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Estate Planning Archives

Why estate planning is critical for every adult

One reason why Massachusetts adults should consider planning for the future is the financial security this planning process should provide. Estate planning allows an adult to plan what will happen to his or her assets in the future and make other decisions that could be important down the road. It's more important than many realize, even if they are young, healthy and do not have significant wealth.

Estate planning mistakes can be costly for Massachusetts family

Having an estate plan is an important step for every Massachusetts adult, regardless of income, age and health status. Even with a plan, certain mistakes and missteps can cause significant complications for a family when trying to settle an estate. When walking through the estate planning process, it is prudent to take steps to avoid common mistakes that could potentially lead to complications down the road.

Estate planning topics to consider after becoming a parent

Parents in Massachusetts and elsewhere who have recently welcomed a child into the family may feel it essential to take all possible measures to protect his or her future. With a variety of topics to address and a list of new responsibilities to handle, knowing the necessary steps to take to achieve this goal might not always be such an easy task. By exploring the available estate planning options, new parents may become better prepared to create a strategy focused on safeguarding the futures and meeting the needs of their children.

Estate planning is crucial at every stage of life

Thinking about the future is not always easy. Most younger and healthy adults don't give a lot of thought to what will happen if they pass away unexpectedly, but in reality, estate planning is important at every stage of life. From young college students to older couples with grandchildren, having certain plans in place are important for future security regarding finances and health care.

Where should an adult start with the estate planning process?

One of the main reasons that Massachusetts adults delay starting the estate planning process is because they assume they are too young or healthy enough to where this process is not necessary. However, estate planning is beneficial for every adult, regardless of income level, health status and age. When deciding to start this process and put certain protections in place for the future, it is not always easy to know where to start.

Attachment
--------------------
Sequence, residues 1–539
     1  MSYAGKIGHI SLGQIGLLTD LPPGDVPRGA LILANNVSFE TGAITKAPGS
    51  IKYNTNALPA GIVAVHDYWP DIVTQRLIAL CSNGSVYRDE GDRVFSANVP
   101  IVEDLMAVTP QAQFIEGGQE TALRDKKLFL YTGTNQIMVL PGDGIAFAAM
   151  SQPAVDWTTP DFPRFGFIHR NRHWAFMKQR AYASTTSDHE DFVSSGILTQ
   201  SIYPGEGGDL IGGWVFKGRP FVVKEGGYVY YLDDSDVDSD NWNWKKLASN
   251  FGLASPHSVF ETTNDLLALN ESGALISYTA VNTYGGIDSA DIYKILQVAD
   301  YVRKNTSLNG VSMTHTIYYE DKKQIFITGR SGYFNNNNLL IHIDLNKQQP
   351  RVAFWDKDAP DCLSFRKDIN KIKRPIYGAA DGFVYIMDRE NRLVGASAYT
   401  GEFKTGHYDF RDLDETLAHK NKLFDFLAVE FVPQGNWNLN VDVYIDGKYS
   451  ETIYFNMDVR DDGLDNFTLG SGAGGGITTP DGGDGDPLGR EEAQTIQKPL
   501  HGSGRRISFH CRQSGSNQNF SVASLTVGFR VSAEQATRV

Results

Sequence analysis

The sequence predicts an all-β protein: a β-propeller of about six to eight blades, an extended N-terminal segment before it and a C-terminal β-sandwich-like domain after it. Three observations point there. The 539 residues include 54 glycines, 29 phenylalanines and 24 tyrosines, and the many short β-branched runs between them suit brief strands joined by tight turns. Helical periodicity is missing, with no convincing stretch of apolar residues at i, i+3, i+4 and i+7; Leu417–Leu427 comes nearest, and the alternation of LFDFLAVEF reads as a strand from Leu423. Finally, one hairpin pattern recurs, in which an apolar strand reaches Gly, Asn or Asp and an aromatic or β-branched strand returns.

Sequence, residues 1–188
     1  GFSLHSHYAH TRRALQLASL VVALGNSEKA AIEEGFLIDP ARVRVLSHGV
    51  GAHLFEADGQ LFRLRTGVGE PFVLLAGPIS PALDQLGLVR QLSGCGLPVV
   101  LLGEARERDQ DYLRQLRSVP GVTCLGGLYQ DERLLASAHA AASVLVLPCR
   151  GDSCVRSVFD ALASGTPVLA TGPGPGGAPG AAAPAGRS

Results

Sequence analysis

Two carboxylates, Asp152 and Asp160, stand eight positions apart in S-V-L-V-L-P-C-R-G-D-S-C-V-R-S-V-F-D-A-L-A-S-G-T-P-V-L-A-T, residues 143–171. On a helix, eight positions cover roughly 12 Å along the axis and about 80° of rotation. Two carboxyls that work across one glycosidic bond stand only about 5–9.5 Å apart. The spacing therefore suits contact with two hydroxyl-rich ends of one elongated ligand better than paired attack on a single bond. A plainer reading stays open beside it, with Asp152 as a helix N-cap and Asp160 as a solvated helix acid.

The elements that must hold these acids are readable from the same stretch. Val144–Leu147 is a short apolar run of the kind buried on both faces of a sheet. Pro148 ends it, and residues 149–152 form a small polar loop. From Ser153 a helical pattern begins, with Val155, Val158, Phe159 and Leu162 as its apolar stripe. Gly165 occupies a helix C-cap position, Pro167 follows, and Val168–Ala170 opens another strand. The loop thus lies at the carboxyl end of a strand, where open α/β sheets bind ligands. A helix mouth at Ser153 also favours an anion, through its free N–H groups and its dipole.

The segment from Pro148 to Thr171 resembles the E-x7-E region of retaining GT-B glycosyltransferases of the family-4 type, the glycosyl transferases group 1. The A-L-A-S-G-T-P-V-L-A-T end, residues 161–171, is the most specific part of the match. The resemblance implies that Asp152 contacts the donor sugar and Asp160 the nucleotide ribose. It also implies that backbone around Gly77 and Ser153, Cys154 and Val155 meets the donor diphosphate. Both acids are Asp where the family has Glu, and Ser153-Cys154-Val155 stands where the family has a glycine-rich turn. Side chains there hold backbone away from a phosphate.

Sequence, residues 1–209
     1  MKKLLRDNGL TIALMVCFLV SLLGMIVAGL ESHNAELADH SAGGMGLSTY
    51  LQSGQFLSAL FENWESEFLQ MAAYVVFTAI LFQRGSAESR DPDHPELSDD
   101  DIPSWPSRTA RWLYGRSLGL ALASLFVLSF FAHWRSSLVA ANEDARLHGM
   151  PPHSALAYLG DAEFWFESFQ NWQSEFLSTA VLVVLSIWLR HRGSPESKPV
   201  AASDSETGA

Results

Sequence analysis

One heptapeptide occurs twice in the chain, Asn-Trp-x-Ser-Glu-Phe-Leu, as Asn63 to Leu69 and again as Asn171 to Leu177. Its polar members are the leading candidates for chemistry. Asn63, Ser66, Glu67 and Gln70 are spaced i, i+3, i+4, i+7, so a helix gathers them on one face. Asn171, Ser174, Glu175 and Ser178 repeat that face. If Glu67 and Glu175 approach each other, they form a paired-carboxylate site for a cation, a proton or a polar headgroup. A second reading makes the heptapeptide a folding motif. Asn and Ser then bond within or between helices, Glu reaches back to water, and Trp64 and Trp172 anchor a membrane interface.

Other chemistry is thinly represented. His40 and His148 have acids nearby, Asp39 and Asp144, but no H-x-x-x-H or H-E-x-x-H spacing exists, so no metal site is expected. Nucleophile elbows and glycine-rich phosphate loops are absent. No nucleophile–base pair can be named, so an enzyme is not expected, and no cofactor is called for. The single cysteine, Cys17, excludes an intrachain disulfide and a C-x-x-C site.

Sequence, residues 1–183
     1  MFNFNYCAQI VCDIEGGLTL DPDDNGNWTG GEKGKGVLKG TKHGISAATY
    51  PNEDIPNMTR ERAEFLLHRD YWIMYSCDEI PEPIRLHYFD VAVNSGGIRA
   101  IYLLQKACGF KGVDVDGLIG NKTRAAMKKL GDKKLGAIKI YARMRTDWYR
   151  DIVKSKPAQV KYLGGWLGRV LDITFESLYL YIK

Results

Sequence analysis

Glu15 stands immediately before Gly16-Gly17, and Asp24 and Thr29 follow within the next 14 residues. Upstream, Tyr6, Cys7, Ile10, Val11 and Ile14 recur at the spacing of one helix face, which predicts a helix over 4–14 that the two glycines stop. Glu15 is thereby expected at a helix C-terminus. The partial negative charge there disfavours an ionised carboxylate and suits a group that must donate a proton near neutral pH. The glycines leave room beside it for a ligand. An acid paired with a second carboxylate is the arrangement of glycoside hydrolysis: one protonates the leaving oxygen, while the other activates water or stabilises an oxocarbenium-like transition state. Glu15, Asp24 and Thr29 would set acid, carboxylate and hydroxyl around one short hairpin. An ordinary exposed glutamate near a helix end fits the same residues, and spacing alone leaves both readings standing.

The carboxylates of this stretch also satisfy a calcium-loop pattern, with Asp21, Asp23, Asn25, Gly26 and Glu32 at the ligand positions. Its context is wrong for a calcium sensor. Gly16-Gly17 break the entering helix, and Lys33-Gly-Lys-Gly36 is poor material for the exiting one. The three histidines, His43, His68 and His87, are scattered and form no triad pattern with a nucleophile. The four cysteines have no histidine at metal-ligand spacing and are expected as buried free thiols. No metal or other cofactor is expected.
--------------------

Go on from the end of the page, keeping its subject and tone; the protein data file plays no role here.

Estate planning in the age of COVID-19

Spring is in the air, which typically brings plans for summer vacation and travel. This year, with the advent of COVID-19, people in Massachusetts may be considering travel closer to home. They may also be thinking of making sure their affairs are in order before vacations begin. No one knows how widely the virus may spread and being prepared for the worst can allow one to better enjoy a hard-earned vacation. Having basic estate planning documents in place is a smart move to consider.

Estate planning information should be shared to be effective

Some families are very close-knit and communicate regularly on issues both great and small. Other families may be less communicative and keep important information to themselves. There is one area in which open communication can greatly benefit families in Massachusetts. Sharing estate planning information with loved ones may be a sensitive topic but it can save a tremendous amount of heartache at a future date.

Estate planning can be a stress reducer

The baby boomer generation is aging, nearing retirement or already there. While many may have already done estate planning, many in Massachusetts have not. Many of their children are stuck in what has been referred to as the "sandwich generation," having young children and aging parents at the same time. Discussing death with one's parents is not easy but doing so can provide peace of mind to all concerned knowing that the parent's final wishes have been noted and are properly documented.

Many options exist to reach estate planning goals

Retirement planning and estate planning have both gone through changes in recent years in how people plan for them in Massachusetts. The two often go hand in hand when integrating retirement planning into estate planning where financial issues are concerned. One wants to enjoy retirement but may also wish to leave a certain amount for children or grandchildren. One vehicle that has been used to accomplish this is the IRA account.

Minmizing the federal estate tax in estate planning

There are likely a number of things a person should do before they pass from the life. Estate planning is one of those things, and Massachusetts residents who have a number of assets might find planning easier if they know a few things about the federal estate tax or death tax as it is known. This federal estate tax is currently imposed upon estates worth $11.4 million or more, but when planning, a wealthy testator should know that amount -- as of now -- goes down to $5 million on Jan. 1, 2026. If there is tax owing, it must be paid within nine months of the testator's death.